9. ^ Подвигът на Мара Бунева, Цочо Билярски, ИК "Анико", 2010, ISBN 9789548247115, стр. 16.
  10. ^ Иван Михайлов: отвъд легендите, Том 1, Иван Гаджев, УИ "Св. Климент Охридски", 2007, стр. 787.
  11. ^ Contested Ethnic Identity: The Case of Macedonian Immigrants in Toronto, 1900-1996, Chris Kostov, Peter Lang, 2010, ISBN 3034301960, p. 77.
  12. ^ „Националноосвободителната борба в Македония, 1919 - 1941 г.“, Колектив, ИК „Знание“, София, 1998 г., стр.221.
  13. ^ Българки стрелят в показни атентати, 06.02.2013, в-к 24 Часа.
  14. ^ Terrorism and the Politics of Social Change: A Durkheimian Analysis, James Dingley, Ashgate Publishing, Ltd., 2013, ISBN 1409499766, p. 64.
  15. ^ Бунев, Борис. Кратки бележки из живота на Мара Бунева, 7 август 1936 година, в: Билярски, Цочо. Подвигът на Мара Бунева (съкратено издание), Анико, София, 2010, стр.45.
  16. ^ Kedourie, Elie (1993). Nationalism. Blackwell Publishing. p. 99. ISBN 0-631-18885-1. [1]
  17. ^ The British Museum, Mara Buneva (Biographical details).
  18. ^ Up until the early twentieth century, the international community viewed Macedonians as a regional variety of Bulgarians, i.e. Western Bulgarians. However during the Paris Peace Conference of 1919 the Allies sanctioned Serbian control of much of Macedonia, because they accepted the belief that Macedonians were in fact Southern Serbs. This extraordinary change in opinion can largely be attributed to one man, Jovan Cvijić, a prominent geographer at the University of Belgrade. Nationalism and Territory: Constructing Group Identity in Southeastern Europe, Geographical perspectives on the human past, George W. White, Rowman & Littlefield, 2000, ISBN 0847698092, p. 236.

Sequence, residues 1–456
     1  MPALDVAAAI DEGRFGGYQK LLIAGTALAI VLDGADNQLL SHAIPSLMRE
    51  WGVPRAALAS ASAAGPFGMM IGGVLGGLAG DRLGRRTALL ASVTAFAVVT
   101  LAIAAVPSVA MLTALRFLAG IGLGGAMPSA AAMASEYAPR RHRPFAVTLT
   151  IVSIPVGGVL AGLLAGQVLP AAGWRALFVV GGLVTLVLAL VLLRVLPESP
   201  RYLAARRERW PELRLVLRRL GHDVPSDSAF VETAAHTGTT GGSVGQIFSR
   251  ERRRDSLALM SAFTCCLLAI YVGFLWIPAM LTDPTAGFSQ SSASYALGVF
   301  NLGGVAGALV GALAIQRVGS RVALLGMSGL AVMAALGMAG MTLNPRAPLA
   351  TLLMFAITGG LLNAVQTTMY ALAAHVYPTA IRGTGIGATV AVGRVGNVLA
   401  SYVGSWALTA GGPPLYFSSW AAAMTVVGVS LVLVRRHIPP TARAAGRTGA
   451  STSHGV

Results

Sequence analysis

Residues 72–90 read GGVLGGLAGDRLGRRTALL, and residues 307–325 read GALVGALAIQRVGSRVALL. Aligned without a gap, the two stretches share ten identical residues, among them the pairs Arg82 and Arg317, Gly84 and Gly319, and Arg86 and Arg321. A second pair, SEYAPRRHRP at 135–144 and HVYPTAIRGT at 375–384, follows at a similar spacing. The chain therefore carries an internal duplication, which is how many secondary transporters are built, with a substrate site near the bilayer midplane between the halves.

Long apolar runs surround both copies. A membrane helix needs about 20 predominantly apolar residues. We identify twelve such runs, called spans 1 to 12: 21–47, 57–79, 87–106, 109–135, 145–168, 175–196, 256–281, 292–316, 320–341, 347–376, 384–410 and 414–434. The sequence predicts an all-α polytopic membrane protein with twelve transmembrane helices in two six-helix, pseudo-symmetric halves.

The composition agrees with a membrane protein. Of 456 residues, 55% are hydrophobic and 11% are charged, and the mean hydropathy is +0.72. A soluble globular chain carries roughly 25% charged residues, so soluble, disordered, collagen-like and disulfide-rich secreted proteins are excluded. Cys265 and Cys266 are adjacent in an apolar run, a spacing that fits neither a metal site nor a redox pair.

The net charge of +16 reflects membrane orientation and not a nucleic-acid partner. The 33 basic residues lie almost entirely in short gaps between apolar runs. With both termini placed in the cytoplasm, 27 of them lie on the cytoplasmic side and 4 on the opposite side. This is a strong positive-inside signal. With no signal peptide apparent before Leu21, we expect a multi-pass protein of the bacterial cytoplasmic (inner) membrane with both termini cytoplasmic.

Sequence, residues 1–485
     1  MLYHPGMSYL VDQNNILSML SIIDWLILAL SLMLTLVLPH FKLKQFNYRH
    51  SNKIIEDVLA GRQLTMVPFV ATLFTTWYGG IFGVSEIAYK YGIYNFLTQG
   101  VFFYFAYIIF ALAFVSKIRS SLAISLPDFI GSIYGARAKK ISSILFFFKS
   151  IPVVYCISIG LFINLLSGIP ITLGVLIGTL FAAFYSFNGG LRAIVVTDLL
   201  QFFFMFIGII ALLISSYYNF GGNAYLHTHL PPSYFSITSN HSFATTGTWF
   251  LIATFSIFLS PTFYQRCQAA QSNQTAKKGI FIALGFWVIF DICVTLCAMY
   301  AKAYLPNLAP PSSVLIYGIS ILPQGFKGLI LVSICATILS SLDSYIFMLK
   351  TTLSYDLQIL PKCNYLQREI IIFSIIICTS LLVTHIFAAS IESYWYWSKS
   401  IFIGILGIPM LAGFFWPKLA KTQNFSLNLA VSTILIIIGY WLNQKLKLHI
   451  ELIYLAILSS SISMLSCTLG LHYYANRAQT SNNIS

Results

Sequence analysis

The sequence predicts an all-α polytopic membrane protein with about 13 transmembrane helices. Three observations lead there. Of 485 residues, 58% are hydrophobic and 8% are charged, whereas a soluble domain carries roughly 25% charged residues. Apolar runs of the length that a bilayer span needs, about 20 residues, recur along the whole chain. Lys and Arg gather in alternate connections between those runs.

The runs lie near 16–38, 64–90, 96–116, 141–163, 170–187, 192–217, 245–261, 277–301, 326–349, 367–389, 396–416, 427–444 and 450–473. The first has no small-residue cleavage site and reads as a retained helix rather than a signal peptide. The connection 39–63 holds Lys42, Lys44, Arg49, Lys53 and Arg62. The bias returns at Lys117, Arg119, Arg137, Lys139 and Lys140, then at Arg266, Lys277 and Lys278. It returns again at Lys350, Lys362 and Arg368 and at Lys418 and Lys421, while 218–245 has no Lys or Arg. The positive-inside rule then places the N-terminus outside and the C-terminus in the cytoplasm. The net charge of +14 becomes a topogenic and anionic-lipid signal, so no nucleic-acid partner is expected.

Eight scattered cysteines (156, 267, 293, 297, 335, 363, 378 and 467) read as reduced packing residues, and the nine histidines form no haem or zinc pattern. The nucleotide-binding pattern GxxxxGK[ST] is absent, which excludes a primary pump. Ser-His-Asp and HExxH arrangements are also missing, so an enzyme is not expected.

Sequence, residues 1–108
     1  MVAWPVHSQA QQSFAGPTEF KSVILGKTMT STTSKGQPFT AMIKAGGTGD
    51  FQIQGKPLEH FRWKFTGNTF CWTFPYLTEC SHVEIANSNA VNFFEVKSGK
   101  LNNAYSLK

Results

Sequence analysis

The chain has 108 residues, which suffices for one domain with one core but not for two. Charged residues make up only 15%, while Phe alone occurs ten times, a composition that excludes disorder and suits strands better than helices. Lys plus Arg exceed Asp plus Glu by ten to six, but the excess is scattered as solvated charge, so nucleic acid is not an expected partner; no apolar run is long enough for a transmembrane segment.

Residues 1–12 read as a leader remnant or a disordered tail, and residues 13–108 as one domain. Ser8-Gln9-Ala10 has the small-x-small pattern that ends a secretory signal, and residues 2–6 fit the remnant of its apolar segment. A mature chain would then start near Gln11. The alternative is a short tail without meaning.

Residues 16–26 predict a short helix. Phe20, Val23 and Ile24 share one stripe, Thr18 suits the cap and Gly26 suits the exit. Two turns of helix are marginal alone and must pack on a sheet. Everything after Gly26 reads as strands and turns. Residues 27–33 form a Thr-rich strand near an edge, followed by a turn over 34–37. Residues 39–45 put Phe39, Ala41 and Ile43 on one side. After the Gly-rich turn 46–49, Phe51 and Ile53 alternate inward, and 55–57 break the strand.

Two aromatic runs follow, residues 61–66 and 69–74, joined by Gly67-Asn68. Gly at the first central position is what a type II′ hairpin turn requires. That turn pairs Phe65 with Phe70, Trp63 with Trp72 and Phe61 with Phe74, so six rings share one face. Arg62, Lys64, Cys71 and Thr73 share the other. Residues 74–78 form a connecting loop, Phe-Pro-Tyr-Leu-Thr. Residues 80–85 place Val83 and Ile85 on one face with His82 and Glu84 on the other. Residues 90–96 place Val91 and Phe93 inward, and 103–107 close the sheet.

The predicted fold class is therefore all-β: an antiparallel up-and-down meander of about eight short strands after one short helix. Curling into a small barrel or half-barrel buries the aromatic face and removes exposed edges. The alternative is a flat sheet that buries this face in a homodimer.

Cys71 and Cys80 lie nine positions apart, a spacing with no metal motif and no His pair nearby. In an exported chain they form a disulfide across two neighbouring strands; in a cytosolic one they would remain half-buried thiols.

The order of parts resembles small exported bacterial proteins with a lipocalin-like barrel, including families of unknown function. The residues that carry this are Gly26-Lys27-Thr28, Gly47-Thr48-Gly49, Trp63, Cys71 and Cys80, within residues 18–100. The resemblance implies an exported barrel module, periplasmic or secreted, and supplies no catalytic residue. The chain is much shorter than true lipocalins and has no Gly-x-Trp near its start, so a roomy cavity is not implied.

19. ^ Whose Are You?: Identity and Ethnicity Among the Toronto Macedonians, Peter Vasiliadis, Ams Press Inc, 1989, ISBN 0404194680, p. 238.
  20. ^ Македонска библиотека, Снимки, документи и материали за историята на българите от областта Македония. Паметник на Мара Бунева в Скопие през 1943 г.
  21. ^ Djokić, Dejan (2003). Yugoslavism: Histories of a Failed Idea, 1918–1992. C. Hurst & Co. Publishers. p. 122. ISBN 1850656630.
  22. ^ Europe Since 1945: An Encyclopedia, Vol. 1, Bernard A. Cook, ISBN 0815313365, Taylor & Francis, 2001, p. 808.
  23. ^ Mirjana Maleska. Editor-in-chief. With the eyes of the “Others”. (about Macedonian-Bulgarian relations and the Macedonian national identity). New Balkan Politics - Journal of Politics. Issue 6 [2]
  24. ^ Tchavdar Marinov, New Bulgarian University, Historiographical Revisionism and Re-Articulation of Memory in the Former Yugoslav Republic of Macedonia, 2010, p. 6.
  25. ^ Historical Dictionary of the Republic of Macedonia, Dimitar Bechev, Scarecrow Press, 2009, ISBN 0810862956, p. 35.
  26. ^ People Arrested After the Mara Buneva Plate Incident in Skopje were Released.
  27. ^ Die, Bulgarians! 13 January 2007, FOCUS News Agency.
  28. ^ Balkan Travellers Macedonia: Skopje, the Balkans' Least Known Capital, Dimana Trankova.
  29. ^ Memorial Demolition Tests Macedonia-Bulgaria Relations. BalkanInsight News, 13 Jan. 2014
  30. ^ Bulgaria’s Mara Buneva plaque in Skopje broken again, 14 January 2014, FOCUS News Agency.
  31. ^ Georgievski: Pro Serbian ideas and installations are putting the country in danger, Independent Balkan News Agency, 15.01.2014.
  32. ^ The Sofia Echo, Mon, Jan. 22. 2007, Anti-Bulgarianism in Macedonia.